The second and fourth assignments are in essence interrelated and will be considered together. The theory of the two is that the plaintiff as a citizen and taxpayer has no legal capacity to maintain an action to enjoin the acts complained of, hence the petition does not and could not contain sufficient allegations of fact to constitute a cause of action in his favor.

The substantial theory of the defendants is that the petition discloses that the plaintiff is a private citizen and taxpayer; that in his capacity as a citizen and taxpayer he has not shown any special injury to himself independent of injury to the general public; that the alleged illegal expenditure is not of public funds raised for governmental purposes; and that the proposed expenditure would not increase the burden of taxation, therefore the petition shows that plaintiff has no legal capacity to sue, and in consequence does not state facts sufficient to constitute a cause of action.

It is an established principle in this jurisdiction that a person seeking equity to restrain an act of a municipal body must show some special injury peculiar to himself aside from and independent of the general injury to the public unless it entails an illegal expenditure of public funds or involves an illegal increase in the burden of municipal taxation. Kirby v. Omaha Bridge Commission, 127 Neb. 382, 255 N.W. 776. See, also, Miller v. Incorporated Town of Milford, 224 Iowa 753, 276 N.W. 826, 114 A.L.R. 1423.

Another established principle, which is conceded by defendants, is that a resident taxpayer may invoke the interposition of a court of equity to prevent the illegal disposition of money of a municipal corporation or the illegal creation of a debt which he, in common with other property holders, may otherwise be compelled to pay. Crampton v. Zabriskie, 101 U.S. 601, 25 L. Ed. 1070; Woodruff v. Welton, 70 Neb. 665, 97 N.W. 1037; Fischer v. Marsh, 113 Neb. 153, 202 N.W. 422; Davenport v. Kleinschmidt, 6 Mont. 502, 13 P. 249; Id., 8 Mont. 467, 20 P. 823.

Another principle is that a resident taxpayer without showing any interest or injury peculiar to himself may bring an action to enjoin the illegal expenditure of public funds raised for governmental purposes. Woodruff v. Welton, supra; Fischer v. Marsh, supra; Noble v. City of Lincoln, 153 Neb. 79, 43 N.W.2d 578; Miller v. Incorporated Town of Milford, supra.

The decision upon these two grounds of demurrer depends upon an application of these principles to the allegations of fact contained in the petition.

The allegations of fact contained in the petition must be taken as true under the rule that a general demurrer admits the truth of all alleged material facts and the reasonable inferences to be drawn therefrom. Central Nebraska Public Power & Irrigation Dist. v. Walston, 140 Neb. 190, 299 N.W. 609; City of Grand Island v. Willis, 142 Neb. 686, 7 N.W.2d 457; In re Estate of Halstead, 154 Neb. 31, 46 N.W.2d 779.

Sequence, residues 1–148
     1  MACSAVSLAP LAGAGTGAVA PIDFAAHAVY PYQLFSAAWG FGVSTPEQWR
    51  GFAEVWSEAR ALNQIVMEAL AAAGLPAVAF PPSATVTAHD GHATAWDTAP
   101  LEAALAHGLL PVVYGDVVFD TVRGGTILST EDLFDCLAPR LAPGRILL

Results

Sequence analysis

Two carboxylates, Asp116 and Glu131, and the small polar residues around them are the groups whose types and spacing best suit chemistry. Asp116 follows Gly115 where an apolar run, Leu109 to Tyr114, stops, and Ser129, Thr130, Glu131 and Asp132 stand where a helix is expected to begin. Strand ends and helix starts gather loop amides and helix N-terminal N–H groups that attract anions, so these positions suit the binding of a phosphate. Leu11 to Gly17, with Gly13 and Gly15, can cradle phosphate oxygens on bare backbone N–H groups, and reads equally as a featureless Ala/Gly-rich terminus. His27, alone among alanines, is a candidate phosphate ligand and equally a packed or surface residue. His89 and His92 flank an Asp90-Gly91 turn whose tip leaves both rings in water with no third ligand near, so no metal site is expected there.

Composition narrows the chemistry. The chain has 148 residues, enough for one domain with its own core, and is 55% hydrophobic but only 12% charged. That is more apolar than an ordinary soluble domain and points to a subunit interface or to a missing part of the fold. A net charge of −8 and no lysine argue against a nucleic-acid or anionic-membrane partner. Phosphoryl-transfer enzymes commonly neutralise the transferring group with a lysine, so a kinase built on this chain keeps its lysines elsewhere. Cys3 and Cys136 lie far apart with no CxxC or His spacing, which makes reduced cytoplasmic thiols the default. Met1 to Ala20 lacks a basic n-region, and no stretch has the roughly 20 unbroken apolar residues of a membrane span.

It follows therefore that for the purpose of this review it must be said that the contract which the city purposes to let to M. H. Rhodes, Inc., is an illegal one in that the meters involved are inferior and do not conform to the requirements of the specifications.

This being true it becomes necessary to decide within the meaning of the legal principles announced whether or not the plaintiff herein may maintain the action. If this proposed contract calls for the expenditure of public funds raised for governmental purposes then the right of the plaintiff to maintain the action may not properly be denied.

We are convinced that the petition discloses conclusively that this proposed contract would be a charge against public *927 funds raised and to be raised for governmental purposes.

The ordinances quoted disclose in specific and unambiguous terms that the fees from all parking meters, including these if they are allowed to be installed, are to be collected and allocated to policing which is a governmental purpose and function.

The defendants arguendo say that this is not true as to these. In support of their argument the defendants rely on section 20 of the specifications which has been quoted. They say that this provision requires that payment shall be made out of the avails of these meters. The provision may not be so interpreted, first because the ordinance does not permit it, and second, the specifications do not so provide. It furnishes a measure only of the city's monthly obligation against its funds. The obligation is the equivalent of one-half of the monthly receipts but not one-half of the receipts.

The distinction is real and not fanciful. By way of illustration, it is well known that funds may be and frequently are lost or stolen or for other reasons never reach their proper repository. If that should happen for any day or month it could not well be said that to that or to any extent would the monthly obligation of the city be reduced.

The remaining ground of demurrer to be discussed is that there is a defect of parties defendant. As the basis for this the defendants urge that M. H. Rhodes, Inc., being the bidder to which it was proposed to let the contract, was a necessary party defendant.

Examination discloses that the cases cited in support of the defendants' theory that M. H. Rhodes, Inc., was a necessary party relate to situations where a municipality has entered into a contract with a third party. None of them deals with a situation such as here where according to the petition no contract has been entered into. There was a bid which was approved but sections 2 and 5 of the specifications make clear that no contractual relation did or could exist unless and until a contract was signed and a performance bond furnished. The authorites are therefore not in point.

It has been held that in an action by a taxpayer to enjoin municipal authorities from making illegal purchases the seller is not a necessary party. Johnson v. Farley, 8 Ohio N.P. 498; City Water Supply Co. v. City of Ottumwa, C.C., 120 F. 309; Williams v. Klemmer, 177 Minn. 44, 224 N.W. 261; Davenport v. Kleinschmidt, supra.

We conclude therefore that the demurrer was improperly sustained. The judgment of the district court is therefore reversed and the cause remanded with directions to overrule the demurrer.

Reversed and remanded with directions.